The Washington Post

WTOP’s Jim Farley announces retirement

Morning anchor Mike Moss, left, talks to Jim Farley inside the WTOP newsroom in May 2011. (Astrid Riecken/The Washington Post)

Jim Farley, the radio newsman who helped turn WTOP-FM into one of the nation’s most popular and most prosperous stations, said Wednesday he would retire at the end of the year.

Farley, 64, has headed all-news WTOP’s newsroom since 1996 and helped shape and refine its metronomic news-traffic-weather format. Under his direction, the station (heard principally at 103.5 FM in the Washington area) became a juggernaut, with listeners tuning in to its short news reports and “traffic and weather together on the eights” at 10-minute intervals.

Farley said he would continue after his retirement as a consultant to Hubbard Broadcasting, the station’s owner. Hubbard has no mandatory retirement age, but Farley said: “I’ve been going nonstop in the news business since 1966. My wife said, ‘It’s time for you to slow down’ and I agreed with her.” He said he planned to spend more time in Florida and with his four grandchildren in New York and Severna Park.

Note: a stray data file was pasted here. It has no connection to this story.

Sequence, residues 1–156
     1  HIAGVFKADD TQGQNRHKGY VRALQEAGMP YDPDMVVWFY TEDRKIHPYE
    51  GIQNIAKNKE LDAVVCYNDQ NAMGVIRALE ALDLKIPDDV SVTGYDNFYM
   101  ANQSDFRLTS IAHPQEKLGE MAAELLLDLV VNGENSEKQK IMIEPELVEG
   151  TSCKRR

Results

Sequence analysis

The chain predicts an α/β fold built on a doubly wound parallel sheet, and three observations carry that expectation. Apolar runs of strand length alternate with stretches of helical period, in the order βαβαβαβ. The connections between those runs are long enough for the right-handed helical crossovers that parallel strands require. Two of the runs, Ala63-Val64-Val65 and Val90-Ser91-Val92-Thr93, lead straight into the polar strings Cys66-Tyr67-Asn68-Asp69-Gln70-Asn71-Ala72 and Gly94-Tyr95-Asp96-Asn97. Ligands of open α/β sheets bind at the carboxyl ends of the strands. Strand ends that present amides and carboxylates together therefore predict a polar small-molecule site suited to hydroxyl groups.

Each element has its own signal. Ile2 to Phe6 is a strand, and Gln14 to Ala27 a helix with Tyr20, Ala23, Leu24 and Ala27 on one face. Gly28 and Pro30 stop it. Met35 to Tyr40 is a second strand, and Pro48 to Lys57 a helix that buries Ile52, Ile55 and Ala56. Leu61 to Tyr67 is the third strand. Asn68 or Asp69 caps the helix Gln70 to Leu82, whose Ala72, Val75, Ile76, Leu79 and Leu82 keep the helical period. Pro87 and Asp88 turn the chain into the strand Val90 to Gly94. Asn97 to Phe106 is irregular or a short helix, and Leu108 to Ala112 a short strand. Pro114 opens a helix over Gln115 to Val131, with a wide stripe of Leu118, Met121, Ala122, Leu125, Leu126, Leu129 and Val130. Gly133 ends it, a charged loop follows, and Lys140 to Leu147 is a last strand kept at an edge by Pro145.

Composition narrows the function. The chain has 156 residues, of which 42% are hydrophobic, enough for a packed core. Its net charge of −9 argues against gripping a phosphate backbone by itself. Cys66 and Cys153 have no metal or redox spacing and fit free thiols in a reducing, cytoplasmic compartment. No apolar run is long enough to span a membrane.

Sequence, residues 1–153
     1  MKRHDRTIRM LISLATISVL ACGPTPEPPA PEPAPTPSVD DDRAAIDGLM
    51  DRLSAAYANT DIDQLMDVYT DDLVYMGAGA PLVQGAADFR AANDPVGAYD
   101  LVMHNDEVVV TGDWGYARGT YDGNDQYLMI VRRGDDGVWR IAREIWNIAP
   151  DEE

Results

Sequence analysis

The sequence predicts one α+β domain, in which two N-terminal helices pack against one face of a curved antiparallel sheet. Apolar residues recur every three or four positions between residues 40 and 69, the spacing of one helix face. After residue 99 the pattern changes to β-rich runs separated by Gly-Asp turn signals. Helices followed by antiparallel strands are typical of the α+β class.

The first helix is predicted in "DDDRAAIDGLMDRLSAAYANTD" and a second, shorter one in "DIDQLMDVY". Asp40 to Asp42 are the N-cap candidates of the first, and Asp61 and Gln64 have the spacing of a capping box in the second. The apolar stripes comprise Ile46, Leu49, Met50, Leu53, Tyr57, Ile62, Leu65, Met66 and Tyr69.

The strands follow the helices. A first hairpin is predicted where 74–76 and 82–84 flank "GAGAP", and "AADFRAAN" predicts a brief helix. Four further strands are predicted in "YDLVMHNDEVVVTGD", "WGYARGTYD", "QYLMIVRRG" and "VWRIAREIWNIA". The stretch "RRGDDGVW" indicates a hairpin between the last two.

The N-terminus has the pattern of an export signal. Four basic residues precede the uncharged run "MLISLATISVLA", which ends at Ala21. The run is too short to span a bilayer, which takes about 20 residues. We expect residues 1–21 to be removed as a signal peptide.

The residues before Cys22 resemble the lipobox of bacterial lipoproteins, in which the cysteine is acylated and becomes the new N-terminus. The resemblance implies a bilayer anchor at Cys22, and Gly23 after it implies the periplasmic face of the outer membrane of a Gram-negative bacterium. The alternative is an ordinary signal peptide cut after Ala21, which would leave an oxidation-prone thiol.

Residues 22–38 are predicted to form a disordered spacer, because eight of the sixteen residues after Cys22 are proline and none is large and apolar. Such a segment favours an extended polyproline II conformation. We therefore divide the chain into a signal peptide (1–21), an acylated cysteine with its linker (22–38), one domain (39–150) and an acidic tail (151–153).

Under Farley, WTOP’s newsroom more than doubled in size, to 112 journalists, and expanded into digital broadcasting. The station also spun off two new local stations, federal news WFED (1500 AM) in 2002 and news-talk Washington Post Radio (also known as WTWP AM-FM) in 2006 in a joint venture with The Post. The latter proved unsuccessful and ceased broadcasting in 2007. WFED remains on the air.

Farley said his successor is Laurie Cantillo, who was hired as WTOP’s program director in late 2011.

WTOP, which is traditionally among the top-rated stations in the area, has had the highest advertising revenue of any radio station in the nation for the past two years, according to rankings by BIA/Kelsey. Its estimated revenue in 2011, the most recent figure available, was $64 million, the research firm said.

Paul Farhi is The Washington Post's media reporter.
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